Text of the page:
Giant Girdled Lizard or Sungazer - Cordylus giganteus
SVL 150-180 mm; max. SVL 205 mm
A very large girdled lizard. Their numbers are declining (SA RDB, Vulnerable) due to habitat destruction (maize and sunflower farming) and because of collecting for the pet trade. Captive bred Sungazers, usually juveniles, are occasionally imported from South Africa to the U. S. and command a very high price. They are long-lived, hardy captives, but rarely reproduce in captivity.
Biology and breeding:
These terrestrial girdled lizards live in colonies in burrows that they dig in silty, fine soil. The burrows are usually about 17 m apart and approximately 420 mm deep and 1 800 mm long. They end abruptly without an enlarged chamber and may become flooded during the rainy season. Most face north or northwest to catch the sun. Each burrow is usually occupied by a single individual, although adults will often share their burrow with juveniles; 3 species of small frog also hibernate in winter in these burrows with the lizards. When a predator enters the burrow, the sungazer retreats backwards towards the mouth, lashing its spiny tail from side to side. If grasped, it will jam its occipital spines into the tunnel roof.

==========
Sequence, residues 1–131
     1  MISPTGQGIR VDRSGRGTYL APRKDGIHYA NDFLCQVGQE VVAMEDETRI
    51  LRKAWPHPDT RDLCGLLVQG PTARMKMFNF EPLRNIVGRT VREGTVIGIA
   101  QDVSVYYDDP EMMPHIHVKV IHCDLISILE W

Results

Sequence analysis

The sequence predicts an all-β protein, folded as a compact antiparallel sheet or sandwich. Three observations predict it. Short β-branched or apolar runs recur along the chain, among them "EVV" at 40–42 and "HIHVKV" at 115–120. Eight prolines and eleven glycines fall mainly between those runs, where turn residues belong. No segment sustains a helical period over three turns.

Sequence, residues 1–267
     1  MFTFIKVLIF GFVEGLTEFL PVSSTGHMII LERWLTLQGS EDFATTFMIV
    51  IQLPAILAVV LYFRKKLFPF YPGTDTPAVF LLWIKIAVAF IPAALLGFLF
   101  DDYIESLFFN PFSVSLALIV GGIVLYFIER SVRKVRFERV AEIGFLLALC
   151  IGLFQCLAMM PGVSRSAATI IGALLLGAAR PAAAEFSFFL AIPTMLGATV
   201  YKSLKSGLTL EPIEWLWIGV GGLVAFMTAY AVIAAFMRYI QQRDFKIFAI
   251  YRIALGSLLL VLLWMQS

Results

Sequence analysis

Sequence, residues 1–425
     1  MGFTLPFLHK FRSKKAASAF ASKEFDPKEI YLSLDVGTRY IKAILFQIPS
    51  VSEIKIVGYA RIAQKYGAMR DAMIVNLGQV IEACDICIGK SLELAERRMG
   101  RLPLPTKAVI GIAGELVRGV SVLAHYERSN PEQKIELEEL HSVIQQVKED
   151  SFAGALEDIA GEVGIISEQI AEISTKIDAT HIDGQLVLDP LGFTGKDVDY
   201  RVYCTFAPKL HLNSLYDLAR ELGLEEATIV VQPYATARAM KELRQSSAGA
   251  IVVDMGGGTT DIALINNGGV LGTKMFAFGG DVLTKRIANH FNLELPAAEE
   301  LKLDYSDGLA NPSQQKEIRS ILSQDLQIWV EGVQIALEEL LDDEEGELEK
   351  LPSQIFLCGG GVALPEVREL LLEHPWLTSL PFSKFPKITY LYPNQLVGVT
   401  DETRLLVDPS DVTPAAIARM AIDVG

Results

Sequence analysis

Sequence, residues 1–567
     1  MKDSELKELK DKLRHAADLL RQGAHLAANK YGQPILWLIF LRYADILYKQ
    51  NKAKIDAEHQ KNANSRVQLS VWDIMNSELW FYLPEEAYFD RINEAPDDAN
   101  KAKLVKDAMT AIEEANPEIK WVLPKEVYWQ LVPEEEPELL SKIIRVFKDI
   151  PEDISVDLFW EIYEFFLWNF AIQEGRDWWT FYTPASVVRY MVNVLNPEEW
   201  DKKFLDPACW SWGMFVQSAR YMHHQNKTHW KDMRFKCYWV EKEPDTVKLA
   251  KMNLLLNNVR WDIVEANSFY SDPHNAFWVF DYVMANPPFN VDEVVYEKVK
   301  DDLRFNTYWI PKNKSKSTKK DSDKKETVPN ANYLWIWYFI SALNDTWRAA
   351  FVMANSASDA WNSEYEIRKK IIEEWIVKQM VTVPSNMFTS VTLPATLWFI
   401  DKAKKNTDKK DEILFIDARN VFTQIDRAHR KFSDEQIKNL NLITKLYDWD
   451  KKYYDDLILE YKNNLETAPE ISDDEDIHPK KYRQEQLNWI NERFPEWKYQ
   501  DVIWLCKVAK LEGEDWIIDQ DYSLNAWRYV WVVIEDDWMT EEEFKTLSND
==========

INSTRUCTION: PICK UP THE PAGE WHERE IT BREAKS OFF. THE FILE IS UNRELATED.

Sungazers are long-lived (longer than 20 years in captivity). They are often seen during the day, basking at the entrance to their burrows or on a termite mound, staring at the sun - hence the common name. They are sit-and-wait ambushers and feed mainly on invertebrates (beetles, grasshoppers, millipedes, termites and spiders), although they will take small vertebrates if the opportunity arises. They are dormant during winter and rarely seen above ground from May to mid-August.
One or two babies, measuring 115-150 mm TL are born January-April, possibly only every 2-3 years.
Habitat: Flat or gently sloping Themeda grassland or transitional zones.
Range: Small scattered populations in NE Free State, extreme W. KwaZulu-Natal and SE Mpumalanga.